He Tangata, He Tangata, He Tangata. Our communities are going through change and it seems like it is happening so fast we may not feel the full impact until it has already happened.

Change is good but only if there are clear outcomes sought for all involved.

The rapid expansion of forestry throughout the Tararua is causing much angst and stress for our communities and it concerns me to watch our people genuinely hurting in so many ways.

This is hurt at a local level, far removed from Government politicians and policymakers, and there are few levers to pull as we see our local democracy eroded by central government aspirations.

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We want trees, however, the loss of thousands of stock units on fertile land and the ensuing loss of families from our towns are unintended consequences of chasing carbon credits.

I'm not saying our Government is trying to close down small towns and rural communities, but if they are not considering the impact on people and places, we will see more of the same.

I am not questioning a farmer's right to sell their farm, but I am questioning the large-scale land-use change that is emptying out our communities.

Social media is rife with urban-rural conflict and we must remember that our rural communities have held it together through some very difficult times.

Some commentators have referred to the challenges facing our communities as the third wave, with the first starting in 1973 when Britain joined the EEC, affecting New Zealand's ongoing trade.

The second wave in 1984 was when agricultural subsidies were removed, and a lot of government-owned industries were privatised.

Agriculture became one of the most deregulated sectors in New Zealand and had to stand on its own two feet.

The loss of jobs through the privatisation of forestry and the sell-off of other public assets did not help either.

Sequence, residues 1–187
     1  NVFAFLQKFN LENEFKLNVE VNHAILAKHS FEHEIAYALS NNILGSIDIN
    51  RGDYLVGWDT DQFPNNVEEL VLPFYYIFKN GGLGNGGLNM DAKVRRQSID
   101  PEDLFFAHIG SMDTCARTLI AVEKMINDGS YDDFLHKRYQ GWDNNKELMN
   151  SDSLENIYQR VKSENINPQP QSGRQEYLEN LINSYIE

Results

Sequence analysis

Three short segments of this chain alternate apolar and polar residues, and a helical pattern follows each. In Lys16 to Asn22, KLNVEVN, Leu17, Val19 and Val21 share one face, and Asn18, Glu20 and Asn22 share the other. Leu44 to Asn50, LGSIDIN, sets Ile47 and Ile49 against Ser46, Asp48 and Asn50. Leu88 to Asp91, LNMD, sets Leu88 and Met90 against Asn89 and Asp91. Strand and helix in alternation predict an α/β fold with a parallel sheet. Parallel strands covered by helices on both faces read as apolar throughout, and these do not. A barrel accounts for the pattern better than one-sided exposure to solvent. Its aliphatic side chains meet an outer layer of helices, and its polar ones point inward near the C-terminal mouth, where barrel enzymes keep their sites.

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We are said to be going through a third wave and our communities need to hold strong as they always have done.

A great piece of advice I received from Doug Avery, a farmer and mental health commentator, was to control the controllables.

What you can do is submit to the Climate Change Response (Zero Carbon) Amendment Bill and tell the Select Committee how it affects you and your community.

Talk about your concerns for the future of our rural schools, our rural services, the economics of doing business rurally and the inequity of our farmers not being able to offset emissions.

In this money-talks world, tell them you are worried about corporates buying our land to plant trees as an offset so they don't need to change their behaviour.

Help the Government understand the unintended consequences of these policies in our lives and the impact to the wellbeing of our communities.

If the Government is seeking to reduce poverty and address mental health, why are we seeing such a focused attack on agricultural jobs in rural New Zealand through seemingly innocuous policies.

This time last year, the concept of Rural Proofing was launched to ensure rural communities were at the heart of policy decisions.

Our challenges are low population, isolation and longer travel times to access health and education.

Rural Proofing was to bring about equity, to have access to social and economic opportunities, and to have the ability to reach the same potential as urban New Zealanders. Were these promises more words and more aspirations with no grunt? I sincerely hope not because our people and communities are worth fighting for.

• Tracey Collis is the Tararua District Mayor.